AlwaysOn Availability Groups and SharePoint 2013

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We’ve been in the process of building a team site in SharePoint 2013, and since I’m building I decided to investigate using AlwaysOn Availability Groups. This is slightly different than building a normal availability group—the application doesn’t use a listener.

First of all—you want to read the official Microsoft guidance here. It can be a little confusing, so here are the basics of what you need to.

  1. Create temp database—you need to create the Availability Group before the SharePoint install is kicked off, so you want to have a database to include in your AG.
  2. Build your AG and add your temp database to it. I’m not going to go into a great deal of detail on this, but if you need help check parts 1, 2, and 3 of my series on building an AlwaysOn Availability Group.
  3. After this is complete—go to Failover Cluster Manager and add a Client Access Point resource to the role for your Availability Group.

When you create the client access point, you will need to assign an IP address to it. Additionally, you will need to get an entry in DNS so that your SharePoint server can talk to the access point. You will see in “Other Resources” in your cluster role in Failover Cluster Manager. Unlike a Listener, this does not require an Active Directory Virtual Computer Object (VCO) to be created.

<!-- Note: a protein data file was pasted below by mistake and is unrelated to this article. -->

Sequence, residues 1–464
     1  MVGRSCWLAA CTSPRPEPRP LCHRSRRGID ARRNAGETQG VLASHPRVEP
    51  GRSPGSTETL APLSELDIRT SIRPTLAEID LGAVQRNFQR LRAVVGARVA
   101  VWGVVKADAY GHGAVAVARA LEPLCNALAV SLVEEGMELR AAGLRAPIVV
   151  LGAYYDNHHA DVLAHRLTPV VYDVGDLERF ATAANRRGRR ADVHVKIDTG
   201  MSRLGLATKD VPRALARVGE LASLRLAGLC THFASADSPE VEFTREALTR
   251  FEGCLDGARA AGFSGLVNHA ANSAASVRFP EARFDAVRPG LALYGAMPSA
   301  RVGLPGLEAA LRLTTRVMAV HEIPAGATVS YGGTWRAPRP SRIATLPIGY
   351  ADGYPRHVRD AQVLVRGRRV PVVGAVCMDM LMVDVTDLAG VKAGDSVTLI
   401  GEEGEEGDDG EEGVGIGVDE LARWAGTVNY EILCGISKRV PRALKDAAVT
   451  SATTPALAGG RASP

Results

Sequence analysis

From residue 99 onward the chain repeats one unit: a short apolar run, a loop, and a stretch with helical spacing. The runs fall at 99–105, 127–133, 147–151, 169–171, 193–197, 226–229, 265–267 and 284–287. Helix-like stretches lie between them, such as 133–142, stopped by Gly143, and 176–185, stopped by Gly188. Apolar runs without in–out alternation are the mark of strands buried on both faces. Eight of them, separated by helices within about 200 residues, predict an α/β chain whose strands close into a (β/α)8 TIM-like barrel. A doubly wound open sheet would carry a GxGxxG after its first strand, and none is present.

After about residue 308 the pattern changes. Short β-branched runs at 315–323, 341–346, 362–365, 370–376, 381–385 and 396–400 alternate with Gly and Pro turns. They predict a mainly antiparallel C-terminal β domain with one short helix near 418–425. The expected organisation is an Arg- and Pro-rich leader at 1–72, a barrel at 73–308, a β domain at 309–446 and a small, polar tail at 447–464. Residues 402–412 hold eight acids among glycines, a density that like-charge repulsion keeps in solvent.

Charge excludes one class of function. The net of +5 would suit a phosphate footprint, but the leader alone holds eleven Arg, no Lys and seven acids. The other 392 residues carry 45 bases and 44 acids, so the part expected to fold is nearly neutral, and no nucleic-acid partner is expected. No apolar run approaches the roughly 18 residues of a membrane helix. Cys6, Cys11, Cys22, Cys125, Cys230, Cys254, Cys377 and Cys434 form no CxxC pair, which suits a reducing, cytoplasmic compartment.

When you install SharePoint, and have the option to specify your database setting—use the client access point.



After the SharePoint installation is complete, add your SharePoint databases to your availability group, and then synchronize with your secondary. Failovers happen seamlessly once this is complete.

I do have one final note of concern—SharePoint creates a lot of databases, without notifying anyone (different applications in SharePoint create new DBs for themselves). I’m still working on a good strategy to automatically add new SharePoint databases to my Availability Group. I wouldn’t do this in any other application, and feel guilty about doing it here. My thoughts are leaning towards a system trigger that fires on new DB create, and then launches a stored procedure that will take a full backup and add the DB to the AG. That feels really ugly to me—does anyone have better ideas for a cleaner solution?


5 thoughts on “AlwaysOn Availability Groups and SharePoint 2013

  1. jdanton1

    Not clear to your question–it pretty much just works as above. AS for the adding of new databases–no, there really isn’t a great automated way to do it. I need more time to script something.

  2. rush3n

    So if a new site w/ new DB is created in SP, the DB will be created on one of the instances but will not be synced until you manually sync.

  3. Slava Murygin

    Wonderful points uncovered!!!
    However, I still have concern: How to deal with AlwaysOn Availability Groups with remote DR location.
    If SQL will fail to remote location, what SharePoint server will do? Will it fail too or will struggle with slow network connection to the remote site?
    What if SharePoint server will fail to remote location and SQL databases will be still in main data center?
    In other words: How to make SQL and SharePoint servers always fail together?

    Also, HA question: Is it OK to do automatic failover to the DR site or better to make the automation only in the same data center and “manual” failover for the remote site?



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